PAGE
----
• acute and chronic pain
  • car wrecks and whiplash
  • migraines and other headaches
  • sports injuries, TMJ disorders
  • frozen shoulder, tendinitis
  • sciatica, plantar fasciitis
  • carpal tunnel syndrome, etc.

People come to me because they hurt! I can almost always help regardless of the source, severity, or duration of the pain. I am certified in advanced myofascial techniques [CAMT] by Advanced-Trainings.  I also use a wide variety of other techniques I’ve learned in 30+ years of professional practice.

I can bill car insurance if you’ve been in an accident, and I take letters of protection from attorneys. I am happy to bill Workers’ Compensation with a pre-authorization and specific prescription.

Many of my clients pay me through their Medical Savings Accounts (MSA) or Flexible Spending Accounts (FSA). I can swipe the card or give you a receipt the benefits manager will accept.

Health insurance ought to pay for massage, but it rarely does.  Some policies will pay for massage, but only if performed by a doctor, chiropractor, or PT. Check your policy.  If it covers treatment by massage therapists, I’ll give you paperwork so that you can be reimbursed. However, I will need to be paid in advance.

As the Government Relations Chair of my professional association, AMTA-NM, I assure you that we are working tirelessly on getting massage covered by health insurance as an “essential benefit” under the Affordable Care Act. Unfortunately, until we succeed your payment options are limited.

Rates

$80/hr., $120/1½ hrs. in my office
$40 extra at any other location in Albuquerque
$1/minute chair massage, 1 hr. minimum (outcall)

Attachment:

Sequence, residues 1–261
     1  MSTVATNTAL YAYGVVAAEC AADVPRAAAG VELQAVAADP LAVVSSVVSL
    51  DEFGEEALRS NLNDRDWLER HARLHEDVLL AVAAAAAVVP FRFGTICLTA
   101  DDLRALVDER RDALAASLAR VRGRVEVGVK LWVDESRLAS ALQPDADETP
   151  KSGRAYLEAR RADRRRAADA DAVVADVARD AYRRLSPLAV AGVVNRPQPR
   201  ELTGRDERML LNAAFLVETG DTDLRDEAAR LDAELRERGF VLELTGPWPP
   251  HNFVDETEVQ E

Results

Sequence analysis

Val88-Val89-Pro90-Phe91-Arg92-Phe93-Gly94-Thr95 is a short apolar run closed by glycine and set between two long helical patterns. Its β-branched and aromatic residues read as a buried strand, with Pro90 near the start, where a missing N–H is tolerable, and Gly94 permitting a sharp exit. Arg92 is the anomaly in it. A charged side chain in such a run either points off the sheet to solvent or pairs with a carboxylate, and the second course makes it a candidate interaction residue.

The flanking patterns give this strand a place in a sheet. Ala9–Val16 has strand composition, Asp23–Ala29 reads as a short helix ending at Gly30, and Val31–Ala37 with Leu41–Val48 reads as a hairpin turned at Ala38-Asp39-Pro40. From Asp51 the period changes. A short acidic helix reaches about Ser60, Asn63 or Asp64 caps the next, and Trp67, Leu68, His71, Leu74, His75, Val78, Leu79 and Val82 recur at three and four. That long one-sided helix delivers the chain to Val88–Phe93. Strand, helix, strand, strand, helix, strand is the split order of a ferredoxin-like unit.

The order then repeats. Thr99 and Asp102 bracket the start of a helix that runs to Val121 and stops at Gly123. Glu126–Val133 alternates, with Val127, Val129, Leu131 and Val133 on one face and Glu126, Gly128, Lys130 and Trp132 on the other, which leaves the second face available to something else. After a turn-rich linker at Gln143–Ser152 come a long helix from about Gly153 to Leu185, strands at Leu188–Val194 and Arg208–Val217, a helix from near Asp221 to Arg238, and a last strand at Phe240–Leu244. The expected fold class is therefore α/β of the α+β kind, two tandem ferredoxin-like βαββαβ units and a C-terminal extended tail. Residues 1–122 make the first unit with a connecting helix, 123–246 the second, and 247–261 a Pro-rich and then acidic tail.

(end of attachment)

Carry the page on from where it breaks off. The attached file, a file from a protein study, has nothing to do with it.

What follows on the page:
I accept Visa, Mastercard, Discover, American Express, and debit cards.  You can of course pay me in cash or by check.  I also accept auto insurance for car wrecks, as well as attorneys’ letters of protection.

Call 280-4195 for more information and to make an appointment.

Please note that these rates are only good for massages paid for at or before the time of service. Insurance rates for clinical rehabilitation are based on a different medical fee schedule.  I do have a discounted bulk rate for 5 or 10 massage packages, i.e. (5) 1 hr. sessions for $360 or (10) for $680.  Gift certificates are also available. All sales are final: gift certificate and packages cannot be redeemed for cash.

Map – 3718 Campus Blvd. NE

Call (505) 280-4195 to make an appointment

View Larger Map of Stonecircle Massage
The office is on the first floor of the two-story building  located a block north of Central, right next to Rodeo, the rustic furniture store, on the southwest corner of Campus and Carlisle NE in Nob Hill.  It is directly behind Fan Tang Chinese restaurant located at the corner of Central and Carlisle NE.  The circular driveway in front of our building is reserved for you, our clients.  Please do not block the alley and driveway on either side of the building.